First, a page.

Muse’s Drones: What You Need To Know
They’ve sold over 15 million albums, sold out countless stadiums across the globe and headlined just about every festival in existence, Muse return this week with their seventh studio album Drones, here’s everything you need to know about it…
What’s the background?
After the release of their fourth album Black Holes And Revelations, Muse moved beyond their previous status as mere arena fillers and became a band who sell out football stadiums and don’t play a festival unless they can headline. Their next two efforts The Resistance and The 2nd Law cemented their status and also saw the band experimenting more and more, pushing ideas to the forefront and focusing less on just being a blockbusting rock band.
This time out it feels like Muse have made a real effort to refocus on being a rock band, so much so that they’re even headlining this summer’s Download Festival, sharing a stage with the likes of KISS, Marilyn Manson and Slipknot. It’s also spelt out by the producer they’ve hired…
Who’s producing it?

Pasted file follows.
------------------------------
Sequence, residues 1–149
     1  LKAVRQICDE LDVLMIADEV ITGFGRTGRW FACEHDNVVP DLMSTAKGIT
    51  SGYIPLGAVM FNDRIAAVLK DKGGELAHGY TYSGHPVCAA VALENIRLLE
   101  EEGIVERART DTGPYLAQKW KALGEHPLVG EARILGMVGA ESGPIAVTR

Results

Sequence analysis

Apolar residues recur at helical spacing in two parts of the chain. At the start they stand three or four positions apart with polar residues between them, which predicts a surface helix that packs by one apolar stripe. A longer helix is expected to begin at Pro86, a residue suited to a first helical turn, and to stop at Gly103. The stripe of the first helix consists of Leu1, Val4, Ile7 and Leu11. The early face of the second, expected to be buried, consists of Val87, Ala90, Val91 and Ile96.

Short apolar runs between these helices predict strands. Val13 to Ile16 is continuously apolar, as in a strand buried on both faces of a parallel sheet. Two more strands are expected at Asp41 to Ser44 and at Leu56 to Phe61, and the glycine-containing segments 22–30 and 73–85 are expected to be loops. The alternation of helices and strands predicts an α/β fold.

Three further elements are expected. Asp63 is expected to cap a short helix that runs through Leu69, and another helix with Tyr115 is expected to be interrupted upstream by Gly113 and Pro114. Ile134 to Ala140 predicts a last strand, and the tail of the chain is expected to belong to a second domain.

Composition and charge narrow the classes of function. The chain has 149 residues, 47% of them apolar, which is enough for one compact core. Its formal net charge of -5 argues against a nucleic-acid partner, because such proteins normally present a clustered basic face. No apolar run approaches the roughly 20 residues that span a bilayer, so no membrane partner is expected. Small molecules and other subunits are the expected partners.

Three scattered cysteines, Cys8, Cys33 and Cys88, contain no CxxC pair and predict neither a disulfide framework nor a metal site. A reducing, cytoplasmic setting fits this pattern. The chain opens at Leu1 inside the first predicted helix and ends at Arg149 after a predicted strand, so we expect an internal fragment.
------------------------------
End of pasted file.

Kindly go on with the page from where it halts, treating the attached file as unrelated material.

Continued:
After self-producing their last two albums, Muse have this time opted for Robert ‘Mutt’ Lange, a man who knows a thing or two about making big-selling rock records.
Lange was behind the controls on AC/DC’s Back In Black and Highway To Hell, with Def Leppard on Hysteria and with Bryan Adams on Waking Up The Neighbours. In recent years, he’s also worked with the likes of Nickelback, Maroon 5 and Shania Twain (who he also used to be married to), so he knows how to make records sound grand, catchy and, most importantly, absolutely enormous.
What does it sound like?
The experiments with dubstep seem to have been well and truly left behind in favour of a return to grandiose and powerhouse arena rock. Opening salvo ‘Psycho’ is a swaggering powerhouse, driven by a classic Matt Bellamy riff, cloaked in distortion and darkness, ‘Dead Inside’ is built around groovy keyboards and an offbeat disco rhythm, building to a chorus with a real glam stomp. ‘Reapers’ see Bellamy going full on Bryan May, with a widdly riff and runaway feel, while ‘Mercy’ is a sky scarper sized proto-ballad, complete with Bellamy’s trademark falsetto.
Lyrically, it seems Bellamy has once again returned to the grand issues affecting the world for inspiration, particularly the mechanised elements of modern day warfare and the lack of empathy. Just as dark as ever then…
Any special guests?
Not this time no.
Does it deliver?
It’s a big bombastic stadium rock record, it’ll sound brilliant live, this is the sound of a band embracing every last cliché and making it sound incredible.
Muse’s new album Drones is out now in hmv stores across the UK. You can preview it on the right-hand side of the page.